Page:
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Publication numberUS20050190605 A1
Publication typeApplication
Application numberUS 11/053,952
Publication dateSep 1, 2005
Filing dateFeb 10, 2005
Priority dateFeb 13, 2004
Also published asUS7256443
Publication number053952, 11053952, US 2005/0190605 A1, US 2005/190605 A1, US 20050190605 A1, US 20050190605A1, US 2005190605 A1, US 2005190605A1, US-A1-20050190605, US-A1-2005190605, US2005/0190605A1, US2005/190605A1, US20050190605 A1, US20050190605A1, US2005190605 A1, US2005190605A1
InventorsTakashi Miida
Original AssigneeInnotech Corporation
Export CitationBiBTeX, EndNote, RefMan
External Links: USPTO, USPTO Assignment, Espacenet
Semiconductor memory and method of manufacturing the same
US 20050190605 A1
Abstract
A semiconductor memory has plural cell transistors that are arranged in a matrix. The cell transistor comprises a silicon substrate, a control gate, a pair of electrically isolated floating gates. Plural projections are formed in the P type silicon substrate, and a pair of N type diffusion regions as the source and the drain is formed in both sides of the projection. The control gate faces the projection via a fourth insulation layer. The side surface of the floating gates faces the side surfaces of the projection via a first insulation layer, and faces the control gate via a third insulation layer. The floating gate faces the diffusion region via the first insulation layer.
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Claims(22)
1. A semiconductor memory in which plural cell transistors are formed on a one conductive type semiconductor substrate and arranged in a column direction and a row direction perpendicular to the column direction to form a two-dimensional matrix, the cell transistor comprising:
a first projection having a pair of side surfaces formed in the semiconductor substrate;
a pair of opposite conductive type regions formed in both sides of the first projection in the semiconductor substrate, the opposite conductive type regions serving as the source and the drain of the cell transistor;
a first insulation layer provided in the surfaces of the opposite conductive type regions and the side surfaces of the first projection;
a pair of floating gates each of which is electrically isolated, the floating gate facing the opposite conductive type region via the first insulation layer and having a side surface facing the first projection via the first insulation layer;
a second insulation layer formed on the floating gates;
a control gate that faces the floating gate via the second insulation layer;
a third insulation layer formed in the area in which the side surface of the floating gate is not covered with the first insulation layer, the side surface of the control gate facing the control gate via the third insulation layer; and
a fourth insulation layer provided between the first projection and the control gate.
2. The semiconductor memory according to claim 1, wherein the control gate comprises a second projection that projects in the direction opposite to the first projection, the first projection facing the second projection via the fourth insulation layer.
3. The semiconductor memory according to claim 1, wherein the capacitance between the floating gate and the semiconductor substrate is larger than the capacitance between the floating gate and the control gate.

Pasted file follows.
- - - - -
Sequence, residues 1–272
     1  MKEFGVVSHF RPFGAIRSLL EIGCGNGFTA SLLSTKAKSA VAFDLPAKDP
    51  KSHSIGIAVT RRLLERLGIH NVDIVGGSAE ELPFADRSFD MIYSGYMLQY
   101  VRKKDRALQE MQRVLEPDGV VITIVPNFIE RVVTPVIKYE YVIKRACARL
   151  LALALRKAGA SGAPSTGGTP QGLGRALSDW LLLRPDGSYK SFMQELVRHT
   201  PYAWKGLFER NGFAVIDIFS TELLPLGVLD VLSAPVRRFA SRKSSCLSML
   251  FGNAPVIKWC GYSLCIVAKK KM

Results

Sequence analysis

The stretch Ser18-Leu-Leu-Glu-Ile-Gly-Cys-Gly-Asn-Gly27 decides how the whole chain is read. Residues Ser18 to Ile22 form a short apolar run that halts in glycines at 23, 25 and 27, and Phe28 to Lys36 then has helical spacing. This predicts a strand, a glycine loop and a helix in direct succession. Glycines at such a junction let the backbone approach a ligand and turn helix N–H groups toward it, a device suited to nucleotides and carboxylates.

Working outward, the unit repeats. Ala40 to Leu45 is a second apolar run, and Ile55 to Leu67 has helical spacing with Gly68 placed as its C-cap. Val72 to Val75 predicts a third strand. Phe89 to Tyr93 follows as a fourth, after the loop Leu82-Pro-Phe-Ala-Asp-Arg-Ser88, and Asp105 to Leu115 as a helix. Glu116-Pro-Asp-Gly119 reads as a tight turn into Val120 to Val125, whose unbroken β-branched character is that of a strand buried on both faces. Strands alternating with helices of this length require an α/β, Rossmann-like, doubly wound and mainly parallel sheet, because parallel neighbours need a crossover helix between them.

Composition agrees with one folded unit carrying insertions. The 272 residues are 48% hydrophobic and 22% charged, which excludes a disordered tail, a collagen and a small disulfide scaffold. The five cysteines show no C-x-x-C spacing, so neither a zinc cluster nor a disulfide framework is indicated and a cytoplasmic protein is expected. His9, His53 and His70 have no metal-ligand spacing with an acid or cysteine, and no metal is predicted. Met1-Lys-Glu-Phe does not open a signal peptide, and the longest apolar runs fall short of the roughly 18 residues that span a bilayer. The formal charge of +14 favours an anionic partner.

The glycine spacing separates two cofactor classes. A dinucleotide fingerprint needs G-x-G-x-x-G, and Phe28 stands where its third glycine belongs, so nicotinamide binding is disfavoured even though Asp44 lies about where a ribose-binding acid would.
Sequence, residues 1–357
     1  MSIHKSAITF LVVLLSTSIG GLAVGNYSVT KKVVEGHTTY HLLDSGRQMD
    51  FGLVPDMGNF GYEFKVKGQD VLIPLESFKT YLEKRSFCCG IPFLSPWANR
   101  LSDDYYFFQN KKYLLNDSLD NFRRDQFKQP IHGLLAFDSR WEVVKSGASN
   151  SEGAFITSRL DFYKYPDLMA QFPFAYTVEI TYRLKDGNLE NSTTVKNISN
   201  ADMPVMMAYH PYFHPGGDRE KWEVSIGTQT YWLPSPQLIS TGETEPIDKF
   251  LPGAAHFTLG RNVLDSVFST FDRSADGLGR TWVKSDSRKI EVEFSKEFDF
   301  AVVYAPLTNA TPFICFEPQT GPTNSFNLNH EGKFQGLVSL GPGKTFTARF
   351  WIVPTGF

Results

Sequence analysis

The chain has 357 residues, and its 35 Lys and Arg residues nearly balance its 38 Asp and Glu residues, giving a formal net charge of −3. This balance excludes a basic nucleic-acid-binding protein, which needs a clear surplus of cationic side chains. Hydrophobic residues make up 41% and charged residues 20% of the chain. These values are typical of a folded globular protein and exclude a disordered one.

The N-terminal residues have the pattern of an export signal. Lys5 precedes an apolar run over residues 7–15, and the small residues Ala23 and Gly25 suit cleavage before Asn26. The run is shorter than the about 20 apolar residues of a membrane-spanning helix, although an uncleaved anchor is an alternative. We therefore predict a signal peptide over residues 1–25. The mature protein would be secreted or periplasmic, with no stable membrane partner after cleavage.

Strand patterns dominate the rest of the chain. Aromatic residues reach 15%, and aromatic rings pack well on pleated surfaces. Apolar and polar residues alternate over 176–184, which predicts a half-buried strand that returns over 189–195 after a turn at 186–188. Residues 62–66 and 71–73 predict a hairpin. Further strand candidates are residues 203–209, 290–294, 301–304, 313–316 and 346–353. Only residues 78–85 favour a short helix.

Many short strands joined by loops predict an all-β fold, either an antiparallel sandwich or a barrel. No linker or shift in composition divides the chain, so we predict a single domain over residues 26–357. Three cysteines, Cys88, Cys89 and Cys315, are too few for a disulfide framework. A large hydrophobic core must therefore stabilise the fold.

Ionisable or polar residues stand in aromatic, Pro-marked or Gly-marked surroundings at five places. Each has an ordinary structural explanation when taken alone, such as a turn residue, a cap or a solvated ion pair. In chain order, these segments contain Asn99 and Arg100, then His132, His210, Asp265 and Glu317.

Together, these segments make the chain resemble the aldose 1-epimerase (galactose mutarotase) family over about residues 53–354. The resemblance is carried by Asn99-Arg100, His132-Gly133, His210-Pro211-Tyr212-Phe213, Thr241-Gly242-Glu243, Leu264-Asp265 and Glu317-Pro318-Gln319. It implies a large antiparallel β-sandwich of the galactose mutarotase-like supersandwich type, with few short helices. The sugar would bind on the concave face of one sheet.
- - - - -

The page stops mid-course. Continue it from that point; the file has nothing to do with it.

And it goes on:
4. The semiconductor memory according to claim 1, wherein the floating gate has a top surface facing the control gate via the second insulation layer, the top surface of the floating gate being flattened by CMP (Chemical Mechanical Polishing), and the floating gate having a substantially rectangular section in the row direction.
5. The semiconductor memory according to claim 1, wherein the floating gate is not flattened by the CMP process, so the floating gate having a substantially fan-shaped section in the row direction.
6. The semiconductor memory according to claim 1, wherein two adjacent cell transistors in the row direction share the opposite conductive type region.
7. The semiconductor memory according to claim 1, wherein the cell transistors arranged in the column direction share the pair of the opposite conductive type regions.
8. The semiconductor memory according to claim 1, wherein the control gates of the cell transistors arranged in the column direction are electrically integrated with one another.
9. The semiconductor memory according to claim 1, wherein the first to fourth insulation layers are formed of silicon oxide.
10. The semiconductor memory according to claim 1, wherein the control gate is formed of amorphous silicon or poly silicon.
11. The semiconductor memory according to claim 1, wherein the floating gate is formed of amorphous silicon or poly silicon.
12. The semiconductor memory according to claim 1, wherein the cell transistor further comprises a pair of conductive regions that are formed by injecting opposite type impurity ions in the semiconductor substrate.
13. The semiconductor memory according to claim 1, wherein the cell transistor further comprises a one conductive type high impurity region formed between the pair of opposite conductive regions, the high impurity region having larger impurity density than the semiconductor substrate.
14. The semiconductor memory according to claim 1, wherein a channel for passing charged particles is generated in the side surfaces and the top surface of the projection when the control gate and the pair of opposite conductive type regions are respectively supplied with voltages for data writing or data reading.
15. The semiconductor memory according to claim 14, wherein a part of charged particles to be flowed in the channel enter the floating gate of drain side when the control gate and the pair of opposite conductive type regions are respectively supplied with voltages for data writing.
16. The semiconductor memory according to claim 14, wherein the current flowing in the channel is modulated in accordance with the amount of charged particles in the floating gate of source side when the control gate and the pair of opposite conductive type regions are respectively supplied with voltages for data reading.